It means a new parliamentary year is underway. And what do we think of the House of Keys 12 months after the general election?
What have they achieved?
That will be the sound of nervous coughs and shuffling feet, then.
The depressing thing is that the main achievement of the House of Keys is to cement the impression that it is a place of astoundingly smug insularity.
The self-importance and self-absorption of the elected branch of Tynwald is no longer an amusing by-product of a small island having its own national parliament.
The navel-gazing is nothing new. I have followed Manx politics since 1990 – the days of relatively prosperity under the stewardship of Miles Walker. There’s nothing MHKs and MLCs have liked more in that time than talking about what they do.
Unfortunately the global trend in politics is to produce a vacuous soundbite and worry about the substance of what you are saying later. David Cameron illustrated that last week with his initial comments about energy tariffs.
Media popularity is what it’s all about.
In my time, I have been berated by Tynwald members who counted the actual number of words of coverage they got in a newspaper compared with another. My old boss told me of an MHK who used to take a ruler to the newspaper to measure the column inches he and his rivals got.
If it all sounds rather pathetic, it is.
But in this multimedia age it is much worse. There’s a fine line between accessibility to your public and obsession with the headlines you make. Not all MHKs have worked out which side of that line they should be on.
The public has become a little more discerning and, thanks to instant media and debate, is a lot quicker to spot the difference between quality and quantity, in terms of what they hear.
Members of the public are better equipped than ever to form their own judgement. And that could be bad news for some MHKs.
The House of Keys is an ocean of mediocrity that lacks political fish who combine experience with talent – illustrated in a spectacular, if depressing manner by the performance of Graham Cregeen following his appointment as minister.
The truth we may have to face is that, in the current situation, we would have been better bringing someone into the cabinet from Legislative Council at this stage.
It may be that in a couple of years’ time some of the new batch have proven themselves to be capable of ministerial responsibility, but at the moment I’d rather see someone like Dudley Butt in the cabinet. If Graham Cregeen was the best available from the elected members to replace the inadequate Peter Karran, then I think his handling of the bus drivers’ dispute shows that the time was right for Allan Bell to turn to the Legislative Council instead.
MHKs won’t like suggestions that some of them are out of touch, but at a time when the economy is facing the biggest challenge in a lifetime, several members struggled to understand why the public were less than happy at their apparent reluctance to contribute to their own pensions.
We even had the astonishing situation of some Tynwald members taking umbrage at the fact they were even asked whether they were making the contribution – that only came in this year and is voluntary.
Meanwhile the news of a pay rise for MHKs at a time when others are asked to make cuts has again illustrated that, for all their obsession with the right headlines, members often appear clueless as to what really matters to the public.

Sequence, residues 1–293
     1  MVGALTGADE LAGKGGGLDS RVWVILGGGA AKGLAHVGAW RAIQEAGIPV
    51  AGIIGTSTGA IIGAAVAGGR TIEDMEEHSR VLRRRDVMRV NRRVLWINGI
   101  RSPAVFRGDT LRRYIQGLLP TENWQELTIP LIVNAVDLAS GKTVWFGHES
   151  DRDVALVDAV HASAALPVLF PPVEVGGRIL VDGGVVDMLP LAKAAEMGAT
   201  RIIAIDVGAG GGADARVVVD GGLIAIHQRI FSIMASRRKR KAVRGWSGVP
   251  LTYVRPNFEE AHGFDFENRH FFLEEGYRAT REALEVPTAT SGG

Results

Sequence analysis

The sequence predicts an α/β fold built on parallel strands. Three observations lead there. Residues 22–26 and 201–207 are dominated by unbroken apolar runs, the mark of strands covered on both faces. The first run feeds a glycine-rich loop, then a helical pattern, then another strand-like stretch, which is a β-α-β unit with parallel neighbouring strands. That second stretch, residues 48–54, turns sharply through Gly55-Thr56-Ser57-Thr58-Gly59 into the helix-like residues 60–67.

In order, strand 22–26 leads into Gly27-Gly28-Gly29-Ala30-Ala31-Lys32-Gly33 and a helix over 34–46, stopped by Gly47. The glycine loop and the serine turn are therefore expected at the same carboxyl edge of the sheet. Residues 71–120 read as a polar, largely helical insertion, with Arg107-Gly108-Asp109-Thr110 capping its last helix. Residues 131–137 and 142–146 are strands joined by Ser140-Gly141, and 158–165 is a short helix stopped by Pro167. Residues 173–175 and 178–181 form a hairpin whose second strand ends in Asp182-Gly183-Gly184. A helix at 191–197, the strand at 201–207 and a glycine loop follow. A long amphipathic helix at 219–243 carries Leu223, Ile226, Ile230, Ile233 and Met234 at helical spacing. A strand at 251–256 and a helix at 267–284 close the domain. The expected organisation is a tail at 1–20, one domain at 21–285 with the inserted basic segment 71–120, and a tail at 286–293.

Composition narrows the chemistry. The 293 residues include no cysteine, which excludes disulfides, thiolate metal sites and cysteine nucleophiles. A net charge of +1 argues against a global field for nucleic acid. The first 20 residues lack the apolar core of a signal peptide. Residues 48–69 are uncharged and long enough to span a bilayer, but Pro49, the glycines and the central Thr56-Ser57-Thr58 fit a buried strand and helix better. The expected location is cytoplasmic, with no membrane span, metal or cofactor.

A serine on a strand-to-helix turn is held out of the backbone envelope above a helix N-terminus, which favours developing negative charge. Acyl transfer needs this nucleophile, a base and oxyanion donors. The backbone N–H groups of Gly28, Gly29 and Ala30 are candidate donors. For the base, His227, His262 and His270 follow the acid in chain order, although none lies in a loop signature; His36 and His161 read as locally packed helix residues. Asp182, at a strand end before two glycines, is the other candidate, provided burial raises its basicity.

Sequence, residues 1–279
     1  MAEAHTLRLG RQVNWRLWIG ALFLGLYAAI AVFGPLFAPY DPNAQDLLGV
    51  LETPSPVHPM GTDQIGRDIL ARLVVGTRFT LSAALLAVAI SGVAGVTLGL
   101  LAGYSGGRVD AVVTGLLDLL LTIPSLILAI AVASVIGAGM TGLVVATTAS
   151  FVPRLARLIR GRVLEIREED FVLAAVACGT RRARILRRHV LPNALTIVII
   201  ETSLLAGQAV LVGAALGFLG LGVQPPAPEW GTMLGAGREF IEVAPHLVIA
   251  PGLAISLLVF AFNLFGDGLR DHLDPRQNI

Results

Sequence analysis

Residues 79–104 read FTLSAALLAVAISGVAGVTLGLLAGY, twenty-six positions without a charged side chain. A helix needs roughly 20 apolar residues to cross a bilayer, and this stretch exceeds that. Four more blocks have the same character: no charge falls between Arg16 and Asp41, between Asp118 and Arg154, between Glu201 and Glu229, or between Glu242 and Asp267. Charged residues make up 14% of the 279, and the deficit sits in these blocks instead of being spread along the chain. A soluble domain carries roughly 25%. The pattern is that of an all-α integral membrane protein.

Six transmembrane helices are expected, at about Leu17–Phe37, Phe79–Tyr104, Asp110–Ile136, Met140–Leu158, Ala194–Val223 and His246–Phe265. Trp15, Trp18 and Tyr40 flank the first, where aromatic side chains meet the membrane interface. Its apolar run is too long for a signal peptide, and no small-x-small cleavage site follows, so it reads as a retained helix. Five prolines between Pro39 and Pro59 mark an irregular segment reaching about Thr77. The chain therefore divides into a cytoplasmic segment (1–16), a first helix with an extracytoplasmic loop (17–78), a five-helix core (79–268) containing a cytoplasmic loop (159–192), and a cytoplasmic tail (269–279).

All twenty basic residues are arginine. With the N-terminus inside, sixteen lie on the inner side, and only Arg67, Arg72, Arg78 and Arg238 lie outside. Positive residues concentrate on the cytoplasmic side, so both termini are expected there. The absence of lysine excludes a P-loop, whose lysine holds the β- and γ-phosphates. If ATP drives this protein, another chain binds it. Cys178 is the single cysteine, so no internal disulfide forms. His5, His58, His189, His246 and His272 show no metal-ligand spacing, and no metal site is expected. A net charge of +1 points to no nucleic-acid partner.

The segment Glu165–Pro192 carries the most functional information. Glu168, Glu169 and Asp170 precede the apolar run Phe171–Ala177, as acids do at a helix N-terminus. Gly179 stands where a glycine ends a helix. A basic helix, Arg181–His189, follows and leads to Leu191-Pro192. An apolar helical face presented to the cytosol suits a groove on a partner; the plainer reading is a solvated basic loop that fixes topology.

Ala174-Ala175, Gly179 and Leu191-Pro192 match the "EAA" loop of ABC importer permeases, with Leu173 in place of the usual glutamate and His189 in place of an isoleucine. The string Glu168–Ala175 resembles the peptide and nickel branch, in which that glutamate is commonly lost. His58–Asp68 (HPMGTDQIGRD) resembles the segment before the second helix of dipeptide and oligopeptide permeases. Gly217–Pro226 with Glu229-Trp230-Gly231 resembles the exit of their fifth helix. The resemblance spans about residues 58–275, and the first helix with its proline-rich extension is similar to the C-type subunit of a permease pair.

The attitude of some that it is an affront to even question their actions displays a depressing arrogance that has, over the years, fed upon the self-satisfied attitude that can be found creeping around the corridors of power.
And where is the opposition within parliament? Truth is, we don’t have any opposition of any value.
Just recently we had Liberal Vannin producing a report opposing plans to place a sewage treatment plant on a plot of land near Peel. It was a pure oversight that Liberal Vannin neglected initially to mention that the author of that ‘independent’ report was also the owner of neighbouring land who has planning consent for a housing development.
At a time when an organised and credible ‘opposition’ party would be a crucial part of ensuring the government stays on the straight and narrow while battling with its budgetary difficulties, Liberal Vannin fails by some distance to be either of those things.
But the government itself isn’t really instilling much more confidence.
The Agenda for Change announced by our chief minister last week so far appears to be an agenda for more consultations and more debates, not a great deal of change yet.
Much has been made of the plan to redraw the constituency boundaries to 12 two-seaters. It may be a fairer distribution of the 24 MHKs but I suspect two things:
- Tynwald members will spend a disproportionate amount of time talking about this.
- The changes won’t happen for a long time yet.
More to the point, I wonder whether the money that will be spent examining this now may be better spent on something else for the time being.
I’ve not been stopped by anyone saying: ‘You know what this Island really needs right now? It needs the constituency boundaries to be redrawn.’
If the economic conditions are not right for introducing a Freedom of Information Act, something that has again found itself on the backburner, I’m not sure they’re right for spending time and money on this right now, either.
So, as our dynamic 24 MHKs gather for a new year of policy making and problem solving, I finish this by expressing the hope that I will, in fact, be proven wrong in my belief that if the electorate gets the representation it deserves, then the Isle of Man populace has clearly done some pretty bad things.
Follow Paul Speller on Twitter: @Norbertsdad
More articles by Paul Speller